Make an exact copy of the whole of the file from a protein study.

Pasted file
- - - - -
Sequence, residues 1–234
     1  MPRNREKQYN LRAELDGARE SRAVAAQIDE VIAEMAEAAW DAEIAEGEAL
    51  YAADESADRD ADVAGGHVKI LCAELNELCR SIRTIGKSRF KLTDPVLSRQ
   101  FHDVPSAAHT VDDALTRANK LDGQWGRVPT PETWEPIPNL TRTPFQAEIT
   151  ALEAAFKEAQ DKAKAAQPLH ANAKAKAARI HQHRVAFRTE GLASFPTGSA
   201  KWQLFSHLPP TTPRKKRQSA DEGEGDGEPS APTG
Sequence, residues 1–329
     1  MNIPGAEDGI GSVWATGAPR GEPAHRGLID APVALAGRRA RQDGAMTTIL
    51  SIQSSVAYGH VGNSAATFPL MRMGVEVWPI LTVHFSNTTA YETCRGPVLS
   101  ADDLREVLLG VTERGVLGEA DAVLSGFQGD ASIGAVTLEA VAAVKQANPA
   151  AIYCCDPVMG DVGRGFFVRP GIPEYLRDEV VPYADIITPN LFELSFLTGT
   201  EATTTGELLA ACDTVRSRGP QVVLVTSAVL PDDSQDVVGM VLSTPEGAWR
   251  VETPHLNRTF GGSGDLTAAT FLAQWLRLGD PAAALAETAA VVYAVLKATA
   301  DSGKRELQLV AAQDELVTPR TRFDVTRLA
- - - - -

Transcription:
Sequence, residues 1–234
     1  MPRNREKQYN LRAELDGARE SRAVAAQIDE VIAEMAEAAW DAEIAEGEAL
    51  YAADESADRD ADVAGGHVKI LCAELNELCR SIRTIGKSRF KLTDPVLSRQ
   101  FHDVPSAAHT VDDALTRANK LDGQWGRVPT PETWEPIPNL TRTPFQAEIT
   151  ALEAAFKEAQ DKAKAAQPLH ANAKAKAARI HQHRVAFRTE GLASFPTGSA
   201  KWQLFSHLPP TTPRKKRQSA DEGEGDGEPS APTG
Sequence, residues 1–329
     1  MNIPGAEDGI GSVWATGAPR GEPAHRGLID APVALAGRRA RQDGAMTTIL
    51  SIQSSVAYGH VGNSAATFPL MRMGVEVWPI LTVHFSNTTA YETCRGPVLS
   101  ADDLREVLLG VTERGVLGEA DAVLSGFQGD ASIGAVTLEA VAAVKQANPA
   151  AIYCCDPVMG DVGRGFFVRP GIPEYLRDEV VPYADIITPN LFELSFLTGT
   201  EATTTGELLA ACDTVRSRGP QVVLVTSAVL PDDSQDVVGM VLSTPEGAWR
   251  VETPHLNRTF GGSGDLTAAT FLAQWLRLGD PAAALAETAA VVYAVLKATA
   301  DSGKRELQLV AAQDELVTPR TRFDVTRLA